United States District Court, M.D. Pennsylvania
JOSEPH A. BROWN, Plaintiff,
MATT EDINGER, et al., Defendants.
SAPORITO MAGISTRATE JUDGE
H. RAMBO UNITED STATES DISTRICT JUDGE
the court is a report and recommendation filed by the
magistrate judge in which he recommends that judgment as a
matter of law be granted to Defendant Matt Edinger on the
ground that Plaintiff Joseph A. Brown failed to exhaust
available administrative remedies provided by the Bureau of
Prisons prior to filing his civil rights suit. For the
reasons that follow, the report and recommendation will be
alleges that, after he was exonerated from a staff assault
charge, Edinger began systematically retaliating against him
in July 2012, and refused to consider his request for a cell
change due to his incompatibility with his cell mate. On July
28, 2012, he was stabbed by the cell mate, and the following
week he requested a Bureau of Prisons BP-8 form from Edinger
in order to initiate the prison grievance procedure. Edinger
refused to provide him the form however, which Brown claims
effectively rendered his administrative remedies unavailable.
42 U.S.C. § 1997(a); see also NyHuis v. Reno,
204 F.3d 65, 68 (3d Cir. 2000).
2, 2017, the magistrate judge held a hearing to determine
whether Edinger met his burden of showing that Brown failed
to exhaust available administrative remedies. In the report
and recommendation, the magistrate judge provides his
findings and facts and conclusions of law based on the
testimony presented at the hearing. The magistrate judge
ultimately found that the testimony of Edinger and Keri
Sorce, a paralegal specialist and administrative remedy clerk
at USP-Lewisburg, was fully credible. On the other hand, he
found Brown to be less than credible based on his demeanor
and the inconsistencies in his testimony.
objections to the report and recommendation, Brown argues
that the magistrate judge's credibility determinations
were an abuse of discretion and a miscarriage of justice.
(Doc. 145, p. 8.) He alleges that Edinger's testimony was
flawed and tainted with inconsistencies and lies.
(Id. at pp. 9-10.) As to Keri Sorce's testimony,
he alleges that she was “very partial and
unreliable.” (Id. at p. 12.)
testified at the hearing that he was familiar with the
administrative remedy process. (N.T., Doc. 130, p. 5.) The
first part of the process requires the BP-8 form to be filed
within 20 days after the incident, which would have been on
or before August 17, 2012, since the incident occurred on
July 28, 2012. However, the BP-8 form was not filed until
November 20, 2012, i.e., three months late.
(Id. at p. 10.)
the evidentiary hearing, Brown admitted that he did not
allege in any of his filings that he was denied a BP-8 form
by Edinger. At one point, he agreed that he was not denied a
BP-8 form but was instead denied BP-9s, 10s, and 11s.
(Id. at p. 15.) However, these documents can be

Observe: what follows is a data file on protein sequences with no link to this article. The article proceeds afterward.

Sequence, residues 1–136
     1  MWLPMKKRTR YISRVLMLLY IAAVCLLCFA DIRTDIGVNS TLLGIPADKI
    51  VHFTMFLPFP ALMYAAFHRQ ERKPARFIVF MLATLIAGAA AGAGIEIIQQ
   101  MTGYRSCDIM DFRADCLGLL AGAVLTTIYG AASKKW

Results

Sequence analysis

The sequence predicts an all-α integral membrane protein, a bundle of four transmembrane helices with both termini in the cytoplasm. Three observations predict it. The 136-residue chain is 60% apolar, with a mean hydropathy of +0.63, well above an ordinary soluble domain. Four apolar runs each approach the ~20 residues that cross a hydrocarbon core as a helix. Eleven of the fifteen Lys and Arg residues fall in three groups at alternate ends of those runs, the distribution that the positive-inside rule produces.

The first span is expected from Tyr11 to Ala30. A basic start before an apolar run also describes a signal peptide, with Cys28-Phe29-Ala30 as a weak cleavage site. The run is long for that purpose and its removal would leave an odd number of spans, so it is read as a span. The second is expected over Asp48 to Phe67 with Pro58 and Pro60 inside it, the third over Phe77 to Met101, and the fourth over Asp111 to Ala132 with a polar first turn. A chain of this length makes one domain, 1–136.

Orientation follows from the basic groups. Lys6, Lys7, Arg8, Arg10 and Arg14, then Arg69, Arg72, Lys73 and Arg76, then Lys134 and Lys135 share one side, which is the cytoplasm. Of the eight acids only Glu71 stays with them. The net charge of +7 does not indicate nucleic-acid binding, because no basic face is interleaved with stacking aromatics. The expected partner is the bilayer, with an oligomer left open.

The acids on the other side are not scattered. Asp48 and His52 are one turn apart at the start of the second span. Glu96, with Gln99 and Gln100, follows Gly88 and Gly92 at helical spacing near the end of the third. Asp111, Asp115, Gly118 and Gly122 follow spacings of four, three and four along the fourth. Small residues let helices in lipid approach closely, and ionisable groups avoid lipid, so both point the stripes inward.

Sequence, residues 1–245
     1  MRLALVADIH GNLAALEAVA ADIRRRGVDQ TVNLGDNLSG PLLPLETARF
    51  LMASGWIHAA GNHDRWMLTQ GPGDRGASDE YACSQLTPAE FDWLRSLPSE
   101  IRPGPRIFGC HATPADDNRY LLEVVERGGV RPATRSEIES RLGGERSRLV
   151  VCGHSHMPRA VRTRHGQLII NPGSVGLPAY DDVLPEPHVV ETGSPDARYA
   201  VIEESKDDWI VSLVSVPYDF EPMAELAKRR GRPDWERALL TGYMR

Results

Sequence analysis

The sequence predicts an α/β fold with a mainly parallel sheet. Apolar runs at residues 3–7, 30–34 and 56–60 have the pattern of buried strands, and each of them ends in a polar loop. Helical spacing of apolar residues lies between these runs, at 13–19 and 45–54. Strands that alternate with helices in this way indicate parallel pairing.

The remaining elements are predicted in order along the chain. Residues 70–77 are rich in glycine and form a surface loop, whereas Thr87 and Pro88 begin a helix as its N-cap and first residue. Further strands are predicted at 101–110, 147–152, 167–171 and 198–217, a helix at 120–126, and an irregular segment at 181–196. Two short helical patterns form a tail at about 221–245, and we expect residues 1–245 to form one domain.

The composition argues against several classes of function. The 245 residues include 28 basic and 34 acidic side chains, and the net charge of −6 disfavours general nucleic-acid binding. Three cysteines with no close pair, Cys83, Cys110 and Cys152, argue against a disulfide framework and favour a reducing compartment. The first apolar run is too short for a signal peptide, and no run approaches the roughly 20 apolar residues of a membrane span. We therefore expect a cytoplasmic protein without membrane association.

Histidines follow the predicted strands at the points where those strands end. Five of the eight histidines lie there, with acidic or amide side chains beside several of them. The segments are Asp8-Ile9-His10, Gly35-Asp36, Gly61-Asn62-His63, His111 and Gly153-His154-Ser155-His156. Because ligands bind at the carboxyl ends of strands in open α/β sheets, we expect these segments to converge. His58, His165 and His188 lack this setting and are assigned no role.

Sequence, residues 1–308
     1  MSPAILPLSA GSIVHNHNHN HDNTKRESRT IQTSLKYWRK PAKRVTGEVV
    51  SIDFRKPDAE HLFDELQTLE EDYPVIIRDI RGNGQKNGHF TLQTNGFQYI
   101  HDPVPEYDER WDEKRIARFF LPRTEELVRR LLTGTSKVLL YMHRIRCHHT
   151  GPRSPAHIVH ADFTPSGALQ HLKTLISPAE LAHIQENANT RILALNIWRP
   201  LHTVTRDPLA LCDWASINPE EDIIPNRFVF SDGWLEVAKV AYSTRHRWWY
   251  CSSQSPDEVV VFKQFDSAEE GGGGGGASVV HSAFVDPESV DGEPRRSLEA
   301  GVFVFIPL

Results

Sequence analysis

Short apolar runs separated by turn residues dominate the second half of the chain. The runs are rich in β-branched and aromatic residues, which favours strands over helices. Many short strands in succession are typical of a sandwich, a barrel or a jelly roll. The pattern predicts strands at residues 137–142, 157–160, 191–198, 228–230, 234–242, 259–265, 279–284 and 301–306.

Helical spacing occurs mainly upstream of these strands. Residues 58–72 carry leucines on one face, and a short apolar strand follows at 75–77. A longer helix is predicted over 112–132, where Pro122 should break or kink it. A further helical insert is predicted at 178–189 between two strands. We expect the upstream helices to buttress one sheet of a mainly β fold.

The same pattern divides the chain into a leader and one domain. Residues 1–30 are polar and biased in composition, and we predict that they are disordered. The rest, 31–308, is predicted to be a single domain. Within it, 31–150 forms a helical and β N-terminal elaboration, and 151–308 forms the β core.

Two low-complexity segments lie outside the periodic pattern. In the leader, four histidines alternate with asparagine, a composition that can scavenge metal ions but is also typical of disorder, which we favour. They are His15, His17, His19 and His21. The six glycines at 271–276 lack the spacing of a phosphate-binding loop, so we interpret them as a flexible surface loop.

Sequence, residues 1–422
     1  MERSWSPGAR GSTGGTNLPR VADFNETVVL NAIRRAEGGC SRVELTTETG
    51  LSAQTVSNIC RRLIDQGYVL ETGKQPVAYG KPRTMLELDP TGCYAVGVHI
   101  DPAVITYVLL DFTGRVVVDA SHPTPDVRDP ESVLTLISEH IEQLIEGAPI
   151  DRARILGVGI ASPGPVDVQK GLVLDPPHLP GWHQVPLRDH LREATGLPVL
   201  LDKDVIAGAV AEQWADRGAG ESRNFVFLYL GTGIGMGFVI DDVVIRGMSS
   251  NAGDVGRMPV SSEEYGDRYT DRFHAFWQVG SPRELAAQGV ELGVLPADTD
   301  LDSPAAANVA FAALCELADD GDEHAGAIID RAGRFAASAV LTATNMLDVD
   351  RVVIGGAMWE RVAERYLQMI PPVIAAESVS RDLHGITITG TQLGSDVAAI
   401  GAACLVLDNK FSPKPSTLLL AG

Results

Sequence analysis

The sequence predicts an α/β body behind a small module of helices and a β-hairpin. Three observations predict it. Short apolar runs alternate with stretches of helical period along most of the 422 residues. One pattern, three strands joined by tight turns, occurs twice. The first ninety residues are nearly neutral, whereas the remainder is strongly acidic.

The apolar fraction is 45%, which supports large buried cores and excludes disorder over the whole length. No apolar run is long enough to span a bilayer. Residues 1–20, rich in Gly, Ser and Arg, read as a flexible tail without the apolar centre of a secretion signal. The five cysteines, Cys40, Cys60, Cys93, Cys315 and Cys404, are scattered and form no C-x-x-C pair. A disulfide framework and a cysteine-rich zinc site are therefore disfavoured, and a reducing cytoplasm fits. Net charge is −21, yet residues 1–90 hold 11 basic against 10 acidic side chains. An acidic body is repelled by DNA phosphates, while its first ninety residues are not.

obtained from other inmates. (Id. . at pp. 17-18.)
testified that he never denied Brown any administrative
remedy form and that when an inmate requests a BP-8 form from
a counselor, the counselor dates and signs the form.
(Id., p. 50.) If the issue presented in the BP-8
form cannot be informally resolved, the BP-8 form is given
back to the counselor and entered into a BP-8 log book for
further action. (Id. at p. 53.) The record reflects
that Brown was provided with a BP-8 form on August 2, 2012,
five days after the July 28, 2012 incident, yet the form did
not raise any issue related to the incident. (Id. at
p. 55.) This contradicts Brown's claim and testimony
indicating that Edinger refused to provide him with a BP-8
form during the relevant time period. Edinger further
testified that he gave a BP-8 form to Brown on November 20,
2012, but explained that there was no entry in the BP-8 log
book because Brown did not submit the completed form to him.
(Id., p. 61.)
Sorce testified as to her duties related to receiving
administrative remedies. As the administrative remedy clerk,
she has no responsibility with the BP-8 forms, but rather
works with BP-9 forms. She testified that if a BP-9 form is
not accompanied by a BP-8 form, the BP-9 will be rejected.
The only way she would know if an inmate completed the BP-8
requirement is if the BP-8 form is attached to the BP-9 form.
(Id., p. 84.)
did refute Brown's allegations that he was denied BP-9s,
10s and 11s from November 20, 2012 through March 22, 2013.
The administrative remedy Generalized Retrieval Report shows
that a BP-10 forms were filed by Brown on November 23, 2012,
December 5, 2012, and January 18, 2013. BP-11 forms were
filed by him on January 22, 2013 and February 25, 2013.
(Id., pp. 78-80.)
was cross-examined by Brown as to her opinion that the
administrative remedy form for Remedy I.D. 710674-R1 was
fraudulent. There is nothing in the cross-examination that
lessens the suspicion that Remedy I.D. 710674-R1 did not have
a stamp affixed to it by the remedy clerk at the regional
level and that the second page did not reference the
appropriate case number, which leaves doubt as to whether
that administrative ...